How Facebook has Changed Journalism, and How it Could Have Changed it.

Facebook has made it so that virtually all middle-to-upper-class world citizens under the age of sixty have a Facebook, or a friend with a Facebook that would take the time to e-mail all contacts if Godzilla was tearing apart their city.

These people know that they will not have to switch on their TV to find out that Mr. ‘Zilla is using the bridge they were going to use to commute to work as a backscratcher. Many people even have a mechanism that beeps or rings when they get an e-mail (and since happenings in social media are sent through e-mail alerts, as soon as one person knows, the city knows in a matter of minutes… or the parts of the city with clean water and grocery stores at least)

Therefore websites and news channels catered towards people that already use social media assume some level of prior knowledge of the subject matter and usually analyze all implications in a more in-depth manner than the television and radio news more commonly listened to by the internetless class.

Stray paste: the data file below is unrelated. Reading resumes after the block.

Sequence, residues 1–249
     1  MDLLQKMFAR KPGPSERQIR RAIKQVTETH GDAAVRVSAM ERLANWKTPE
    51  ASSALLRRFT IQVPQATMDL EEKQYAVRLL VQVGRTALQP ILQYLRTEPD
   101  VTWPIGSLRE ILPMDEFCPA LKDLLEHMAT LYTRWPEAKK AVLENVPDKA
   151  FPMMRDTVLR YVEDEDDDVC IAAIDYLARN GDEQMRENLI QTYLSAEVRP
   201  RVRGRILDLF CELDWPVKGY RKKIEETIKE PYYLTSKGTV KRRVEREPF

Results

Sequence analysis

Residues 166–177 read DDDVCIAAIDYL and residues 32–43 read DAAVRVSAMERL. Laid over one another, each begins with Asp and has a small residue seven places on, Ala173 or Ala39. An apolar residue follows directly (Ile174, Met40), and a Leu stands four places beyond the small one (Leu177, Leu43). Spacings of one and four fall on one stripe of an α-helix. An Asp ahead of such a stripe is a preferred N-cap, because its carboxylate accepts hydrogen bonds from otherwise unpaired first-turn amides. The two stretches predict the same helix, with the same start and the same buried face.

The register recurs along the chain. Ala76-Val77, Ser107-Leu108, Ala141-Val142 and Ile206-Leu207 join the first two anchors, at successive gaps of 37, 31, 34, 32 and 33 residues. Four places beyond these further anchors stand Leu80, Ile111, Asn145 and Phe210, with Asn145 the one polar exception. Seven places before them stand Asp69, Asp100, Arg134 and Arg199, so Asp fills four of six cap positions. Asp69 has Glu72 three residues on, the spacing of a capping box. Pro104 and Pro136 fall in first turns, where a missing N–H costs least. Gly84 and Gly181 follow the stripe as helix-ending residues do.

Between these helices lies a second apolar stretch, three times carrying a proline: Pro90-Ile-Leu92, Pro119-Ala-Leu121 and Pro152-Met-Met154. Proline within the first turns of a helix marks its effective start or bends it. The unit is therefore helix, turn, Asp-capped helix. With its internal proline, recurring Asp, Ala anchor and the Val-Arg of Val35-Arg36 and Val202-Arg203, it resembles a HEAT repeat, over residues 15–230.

Facebook is usually a launching point, where somebody will post a link, and then it is the responsibility of whoever clicks on that link to verify the information. What makes it better than an anonymous site or a newspaper is that there is more accountability, and people may comment after, which means that a journalist will be careful with what news they stand behind as factual.

Many of the first people to join Facebook were journalists of some sort, or at least used Facebook for journalistic purposes. If people had radicalized and organized through Facebook, we may have taken over the world in a bloodless revolution. Problem is, the place sank to the lowest common denominator and is now a cesspool of garbage and self-promoting garbage.

Here’s a simple equation  that explains why Facebook did not reach its potential for journalism.

Journalism+Money Interests= Compromised Journalism

(You can actually replace journalism with any human phenomenon except for cake)

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